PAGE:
Simply, in gesturing you make a series of poses, usually about a minute in length each, from which the artists draw quick Zen-like sketches. It is an exercise in creativity for both the artist and the model; the former is forced to draw, unencumbered by preconceived thoughts, what he or she sees; the model must think up the next pose within each sixty second gesture. Certainly, little time is spent thinking about anything but modeling during gesture poses.
Longer poses allow for artists' sketching and lightly "fleshing in" the particulars. These may range from five to thirty minutes; usually they average around fifteen minutes. Three or four of these may be asked of the model as the group practices composition.
Often, the artists will be doing "blind contours," where they keep their eyes on you and off their drawing paper, tracing the outline of your form as they go. Other times will find them working with the "negative spaces," that is, drawing the areas within your arms and legs, etc. For these, creative, open poses are desireable.
The longest poses of several hours (or days, even!) are the ultimate test of the model. As body parts fall asleep, the model's endurance is tried. Fortunately, sufficient breaks are allowed for things to wake up. Any ability by the figure model to entertain meditation or Zen states is a blessing. It is important to select (or concede to) a pose that you know can be comfortably held for 45 to 60 minutes, motionless.
Truly, these long poses require just as much mental durability as physical. A good hint: have the instructor "chalk" your outline onto the platform before you take a break. It makes repositioning much quicker and easier on your nerves!
A typical two-hour session may involve fifteen or twenty sixty-second gesture poses and three fifteen-minute poses, followed by a break, and then a single hour-long pose. Or, it may call for a two-hour pose broken into two sessions by a break. The teacher and the group will let you know exactly what is required of you.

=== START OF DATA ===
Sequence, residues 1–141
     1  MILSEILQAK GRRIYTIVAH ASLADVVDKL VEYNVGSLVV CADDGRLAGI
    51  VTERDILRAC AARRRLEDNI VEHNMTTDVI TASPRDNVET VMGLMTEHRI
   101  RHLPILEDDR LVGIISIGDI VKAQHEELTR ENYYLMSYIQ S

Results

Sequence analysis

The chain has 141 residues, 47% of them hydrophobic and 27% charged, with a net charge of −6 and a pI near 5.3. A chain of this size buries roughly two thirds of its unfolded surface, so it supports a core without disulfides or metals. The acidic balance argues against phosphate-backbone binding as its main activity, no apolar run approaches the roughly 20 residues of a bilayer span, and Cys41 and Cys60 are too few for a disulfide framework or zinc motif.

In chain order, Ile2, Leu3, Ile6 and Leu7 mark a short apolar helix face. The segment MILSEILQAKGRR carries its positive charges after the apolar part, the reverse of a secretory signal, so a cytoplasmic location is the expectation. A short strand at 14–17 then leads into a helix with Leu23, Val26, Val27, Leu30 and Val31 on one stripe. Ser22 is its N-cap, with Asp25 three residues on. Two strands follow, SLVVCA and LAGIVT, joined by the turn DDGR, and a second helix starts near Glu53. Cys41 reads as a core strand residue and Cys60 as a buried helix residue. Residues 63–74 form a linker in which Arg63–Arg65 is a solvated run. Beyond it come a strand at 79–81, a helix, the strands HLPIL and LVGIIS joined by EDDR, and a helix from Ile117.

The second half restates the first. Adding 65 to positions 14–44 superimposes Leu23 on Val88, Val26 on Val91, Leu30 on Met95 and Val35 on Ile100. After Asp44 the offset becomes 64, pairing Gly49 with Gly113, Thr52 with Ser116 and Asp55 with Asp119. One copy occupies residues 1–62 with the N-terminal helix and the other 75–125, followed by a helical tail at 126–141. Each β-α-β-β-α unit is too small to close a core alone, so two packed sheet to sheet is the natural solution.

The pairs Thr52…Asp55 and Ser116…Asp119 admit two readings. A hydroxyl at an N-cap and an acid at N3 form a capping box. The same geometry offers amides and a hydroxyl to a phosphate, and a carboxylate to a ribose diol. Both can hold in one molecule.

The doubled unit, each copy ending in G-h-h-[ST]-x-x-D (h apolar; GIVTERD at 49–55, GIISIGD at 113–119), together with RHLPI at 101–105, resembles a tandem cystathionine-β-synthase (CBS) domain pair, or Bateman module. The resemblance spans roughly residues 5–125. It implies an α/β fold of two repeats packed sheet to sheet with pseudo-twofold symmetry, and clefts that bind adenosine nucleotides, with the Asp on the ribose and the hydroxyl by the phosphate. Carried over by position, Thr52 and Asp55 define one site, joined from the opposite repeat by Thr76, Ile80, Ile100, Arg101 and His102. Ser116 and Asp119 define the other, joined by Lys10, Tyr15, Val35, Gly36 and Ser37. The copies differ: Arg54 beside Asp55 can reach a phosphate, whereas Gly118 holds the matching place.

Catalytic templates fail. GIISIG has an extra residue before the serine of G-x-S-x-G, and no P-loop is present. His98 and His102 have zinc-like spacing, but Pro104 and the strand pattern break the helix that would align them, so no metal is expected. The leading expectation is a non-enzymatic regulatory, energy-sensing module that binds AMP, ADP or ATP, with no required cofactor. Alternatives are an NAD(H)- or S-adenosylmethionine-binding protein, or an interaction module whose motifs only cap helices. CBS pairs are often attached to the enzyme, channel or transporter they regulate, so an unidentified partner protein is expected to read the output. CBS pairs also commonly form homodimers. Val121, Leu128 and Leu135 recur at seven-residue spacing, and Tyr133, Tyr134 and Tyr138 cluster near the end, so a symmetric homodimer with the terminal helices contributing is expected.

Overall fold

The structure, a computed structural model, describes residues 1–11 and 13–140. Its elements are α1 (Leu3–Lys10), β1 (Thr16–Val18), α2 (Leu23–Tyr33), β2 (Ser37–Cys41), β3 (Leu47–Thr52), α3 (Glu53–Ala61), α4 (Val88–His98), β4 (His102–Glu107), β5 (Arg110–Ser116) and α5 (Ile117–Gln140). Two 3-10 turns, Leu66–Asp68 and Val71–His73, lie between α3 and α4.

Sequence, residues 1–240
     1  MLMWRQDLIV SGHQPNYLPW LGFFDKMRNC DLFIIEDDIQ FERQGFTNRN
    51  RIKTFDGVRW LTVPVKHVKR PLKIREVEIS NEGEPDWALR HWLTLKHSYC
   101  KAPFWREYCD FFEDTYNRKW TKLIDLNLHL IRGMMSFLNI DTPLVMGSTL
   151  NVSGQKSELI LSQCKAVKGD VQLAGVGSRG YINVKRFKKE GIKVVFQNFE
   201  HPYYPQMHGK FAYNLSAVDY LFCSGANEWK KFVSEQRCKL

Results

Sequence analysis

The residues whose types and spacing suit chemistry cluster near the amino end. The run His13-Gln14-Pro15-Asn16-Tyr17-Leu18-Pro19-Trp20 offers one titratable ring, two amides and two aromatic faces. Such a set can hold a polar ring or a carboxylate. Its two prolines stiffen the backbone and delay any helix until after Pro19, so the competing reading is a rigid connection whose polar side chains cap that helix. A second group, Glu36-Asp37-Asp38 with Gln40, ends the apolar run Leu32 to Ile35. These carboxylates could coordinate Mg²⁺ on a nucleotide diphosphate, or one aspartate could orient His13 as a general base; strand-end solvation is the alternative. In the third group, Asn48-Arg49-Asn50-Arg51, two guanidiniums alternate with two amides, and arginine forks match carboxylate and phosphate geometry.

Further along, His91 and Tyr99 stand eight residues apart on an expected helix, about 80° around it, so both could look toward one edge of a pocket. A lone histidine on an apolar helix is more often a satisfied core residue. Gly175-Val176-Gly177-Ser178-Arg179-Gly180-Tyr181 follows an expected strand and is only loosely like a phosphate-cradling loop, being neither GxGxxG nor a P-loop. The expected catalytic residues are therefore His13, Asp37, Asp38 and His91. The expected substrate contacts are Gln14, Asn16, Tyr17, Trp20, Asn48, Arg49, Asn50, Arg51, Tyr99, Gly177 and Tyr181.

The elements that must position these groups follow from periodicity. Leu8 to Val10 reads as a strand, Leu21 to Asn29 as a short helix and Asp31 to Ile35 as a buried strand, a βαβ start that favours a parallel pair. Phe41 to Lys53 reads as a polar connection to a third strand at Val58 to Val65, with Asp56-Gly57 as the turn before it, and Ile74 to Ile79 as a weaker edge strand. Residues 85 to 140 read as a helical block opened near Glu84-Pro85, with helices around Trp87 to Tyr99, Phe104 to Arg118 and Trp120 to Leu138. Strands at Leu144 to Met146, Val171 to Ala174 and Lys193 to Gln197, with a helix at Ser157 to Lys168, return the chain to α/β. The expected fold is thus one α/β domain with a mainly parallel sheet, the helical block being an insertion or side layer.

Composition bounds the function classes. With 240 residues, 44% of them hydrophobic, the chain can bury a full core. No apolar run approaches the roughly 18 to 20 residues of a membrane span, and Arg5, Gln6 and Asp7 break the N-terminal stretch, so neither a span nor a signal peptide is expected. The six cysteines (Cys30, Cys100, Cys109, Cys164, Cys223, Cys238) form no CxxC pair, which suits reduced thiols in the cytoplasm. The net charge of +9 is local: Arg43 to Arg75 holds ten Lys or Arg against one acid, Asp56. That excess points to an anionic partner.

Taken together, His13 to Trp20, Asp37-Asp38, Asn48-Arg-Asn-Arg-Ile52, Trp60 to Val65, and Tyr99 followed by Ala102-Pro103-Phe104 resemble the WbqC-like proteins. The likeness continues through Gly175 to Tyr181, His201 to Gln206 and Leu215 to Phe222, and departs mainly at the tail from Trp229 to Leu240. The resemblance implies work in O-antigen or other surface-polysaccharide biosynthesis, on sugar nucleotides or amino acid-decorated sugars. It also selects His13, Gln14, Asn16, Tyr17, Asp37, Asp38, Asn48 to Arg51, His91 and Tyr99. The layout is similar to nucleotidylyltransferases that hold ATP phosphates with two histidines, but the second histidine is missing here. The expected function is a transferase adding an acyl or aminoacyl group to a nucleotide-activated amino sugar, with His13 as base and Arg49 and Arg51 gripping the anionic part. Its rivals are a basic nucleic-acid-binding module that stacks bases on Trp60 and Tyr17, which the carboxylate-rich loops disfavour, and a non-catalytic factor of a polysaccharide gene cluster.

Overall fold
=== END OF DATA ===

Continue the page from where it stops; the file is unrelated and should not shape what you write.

"Rules" of Figure Modeling:
As in any activity, there are rules that guide figure modeling. Although not chiseled in stone, they are somewhat universally-known and tolerated. The variations encountered by busy models, especially for nude figure modeling, are astonishing.
Timeliness. Nothing is more annoying to the instructor than a model failing to show for a session. So, make it a point to always be fifteen minutes early. That way, the teacher will know of your presence and such dogged duty to show will land you more work!
Take privacy. College art classes may see students entering and leaving the studio at will during the session. Some arrive late; some leave early. A sensitive teacher will post on the door that a nude model is in session and for persons to "please knock" before entering.
Of course, there is no guarantee that wanderers will not visit. This point is made mostly to prepare the model for interruptions and to not be distracted by them. The most private sessions will be for drawing circles, where the seriousness of the artists is truly appreciated. Still, when the door does open and a visitor enters, the truly professional model will not be fazed, but will remain still and nonobservant.
As mentioned before, photography is disallowed without the model's express (and written) permission. Unless a sculpture session requires a Polaroid® photograph to accurately re-pose the model, you will not usually encounter requests for photography.
The most interesting photograph I have ever seen of a nude figure modeling session in progress showed the twenty students all naked and the model clothed!